A notorious Wellington public housing block is trying to foster more community spirit with a weekly cafe, but some of the flats' elderly residents say they don't feel safe.
Robert Scally, an elderly resident of the Dixon Street flats, was found dead in his room earlier this year, two weeks after he died.
Housing New Zealand has now opened up the common room at the top of the 10-storey tall Dixon Street flats and the local church was serving up conversation over cups of tea every Thursday.
Stuart Simpson, a Minister at St John's church across the road, said the cafe was a small but necessary step toward building community.
"Who wants to go home and wonder what's going to be happening in their place? Is there going to be someone who may be drunk on the staircase when you're going up to your room - no, you don't want that. You want a safe place where when you meet people, they know who you are and you can stop and talk about your day," he said.
"Not walk past them quickly and hope they're not going to do anything."
It was a real fear among some of the tenants. Stella lives on the third floor, two doors down from where Mr Scally was found in May. Her unit has been broken into twice, and she said she no longer felt safe there.
"The landlord [said] there was to be strictly no alcohol or drugs in the building and then what do we see? We see people carrying their alcohol, and you can smell drugs. You don't see them taking it but you can smell it each time you catch the lifts," she said.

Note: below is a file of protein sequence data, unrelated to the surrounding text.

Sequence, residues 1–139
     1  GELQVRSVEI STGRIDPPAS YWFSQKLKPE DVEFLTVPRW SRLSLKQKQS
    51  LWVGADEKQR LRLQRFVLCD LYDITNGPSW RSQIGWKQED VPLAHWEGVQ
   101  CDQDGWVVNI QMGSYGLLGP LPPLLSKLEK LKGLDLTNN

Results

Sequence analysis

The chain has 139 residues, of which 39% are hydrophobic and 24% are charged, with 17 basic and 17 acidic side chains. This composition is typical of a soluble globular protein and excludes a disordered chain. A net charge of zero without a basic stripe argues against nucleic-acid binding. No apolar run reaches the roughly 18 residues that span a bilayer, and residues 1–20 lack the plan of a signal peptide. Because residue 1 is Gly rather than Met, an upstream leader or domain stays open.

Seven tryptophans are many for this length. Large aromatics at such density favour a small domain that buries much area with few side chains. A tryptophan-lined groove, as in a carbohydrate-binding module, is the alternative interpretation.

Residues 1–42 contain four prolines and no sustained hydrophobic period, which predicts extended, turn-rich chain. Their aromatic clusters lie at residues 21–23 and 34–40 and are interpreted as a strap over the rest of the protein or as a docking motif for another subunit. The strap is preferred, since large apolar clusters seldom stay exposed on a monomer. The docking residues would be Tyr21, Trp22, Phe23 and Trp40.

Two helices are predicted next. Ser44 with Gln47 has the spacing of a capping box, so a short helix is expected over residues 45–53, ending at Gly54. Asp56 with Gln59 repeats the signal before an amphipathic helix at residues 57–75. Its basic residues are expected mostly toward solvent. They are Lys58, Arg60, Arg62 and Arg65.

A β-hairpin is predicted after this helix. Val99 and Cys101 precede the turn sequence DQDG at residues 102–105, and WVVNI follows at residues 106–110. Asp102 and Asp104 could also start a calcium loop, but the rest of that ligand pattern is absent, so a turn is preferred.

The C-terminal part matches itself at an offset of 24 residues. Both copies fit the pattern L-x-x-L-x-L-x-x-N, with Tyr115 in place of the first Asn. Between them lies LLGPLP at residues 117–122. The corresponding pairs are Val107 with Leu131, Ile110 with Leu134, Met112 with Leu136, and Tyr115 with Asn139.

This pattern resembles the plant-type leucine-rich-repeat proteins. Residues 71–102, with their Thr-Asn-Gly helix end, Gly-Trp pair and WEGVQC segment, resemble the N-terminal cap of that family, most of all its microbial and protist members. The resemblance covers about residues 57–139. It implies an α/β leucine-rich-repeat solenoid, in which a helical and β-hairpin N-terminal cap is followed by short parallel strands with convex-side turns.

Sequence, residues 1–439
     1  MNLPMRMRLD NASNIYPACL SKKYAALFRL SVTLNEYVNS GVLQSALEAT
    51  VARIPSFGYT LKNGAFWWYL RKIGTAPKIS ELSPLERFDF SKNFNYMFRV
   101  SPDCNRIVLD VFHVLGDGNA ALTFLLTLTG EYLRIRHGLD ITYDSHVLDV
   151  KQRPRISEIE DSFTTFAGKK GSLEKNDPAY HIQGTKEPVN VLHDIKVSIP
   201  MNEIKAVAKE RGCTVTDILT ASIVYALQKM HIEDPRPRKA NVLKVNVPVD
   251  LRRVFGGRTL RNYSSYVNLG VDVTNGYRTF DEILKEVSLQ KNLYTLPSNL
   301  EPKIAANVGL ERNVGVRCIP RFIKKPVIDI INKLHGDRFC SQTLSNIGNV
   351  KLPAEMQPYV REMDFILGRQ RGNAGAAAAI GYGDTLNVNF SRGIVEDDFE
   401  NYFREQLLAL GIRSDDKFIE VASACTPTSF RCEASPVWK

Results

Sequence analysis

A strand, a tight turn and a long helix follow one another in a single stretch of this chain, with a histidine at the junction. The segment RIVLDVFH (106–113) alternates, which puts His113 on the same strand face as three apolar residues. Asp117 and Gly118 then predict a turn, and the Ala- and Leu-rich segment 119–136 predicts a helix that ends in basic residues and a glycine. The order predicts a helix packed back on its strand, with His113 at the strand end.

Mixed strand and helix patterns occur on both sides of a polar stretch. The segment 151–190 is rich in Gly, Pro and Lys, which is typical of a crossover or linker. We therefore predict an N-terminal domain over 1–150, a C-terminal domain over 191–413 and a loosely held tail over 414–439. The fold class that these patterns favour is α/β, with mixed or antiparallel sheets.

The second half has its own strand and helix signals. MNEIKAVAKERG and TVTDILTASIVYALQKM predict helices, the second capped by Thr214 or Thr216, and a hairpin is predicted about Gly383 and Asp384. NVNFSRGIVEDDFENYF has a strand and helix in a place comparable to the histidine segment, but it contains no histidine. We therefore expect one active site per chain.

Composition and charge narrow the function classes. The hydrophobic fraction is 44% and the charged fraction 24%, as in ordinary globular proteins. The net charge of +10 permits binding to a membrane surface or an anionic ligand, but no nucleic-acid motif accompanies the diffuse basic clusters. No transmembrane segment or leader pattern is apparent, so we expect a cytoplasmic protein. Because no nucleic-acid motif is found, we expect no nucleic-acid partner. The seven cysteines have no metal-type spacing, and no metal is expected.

Stella said people sometimes slept rough in the stairwells.
"They come and help themself to facilities like doing their washing here," she said. "We don't get a chance to do our washing much. We have to wait for hours because those streeties are using it too. It's not fair on us."
Housing New Zealand spokesperson Cassandra Rivers said the agency took anti-social behaviour very seriously and had recently employed a case manager for the site.
One woman said she carried a rape alarm in her pocket when she was inside the complex.
She was too scared to leave her unit after dark - because "psychos" live in the building.
Roberta Burgess, 84, has lived in the building for 29 years and said the cafe had made a difference.
"Most of the people in the flats probably wouldn't know each other if they fell over them, but they come up here, they meet, they greet, they have a cup of coffee," Mrs Burgess said.
"You know what a cup of coffee does to everybody, you sit and you talk for ages."
Mrs Burgess said people used to come up to the common room all the time, but about a decade ago the managers locked it up.
She had not been back inside until she got a coffee there last week.
"You don't even see people from other floors, I can go up and down that lift several times a week and I would be the only in the lift," she said. "You really don't see the people."
Ms Rivers said the agency hoped to invite support services and agencies to come along and use the space.
"We take our role as a social landlord extremely seriously," she said. "In a complex like this where we have a lot of tenants who are living alone, this is a way of bringing them together, giving them the opportunity to engage with one another - it's hugely successful."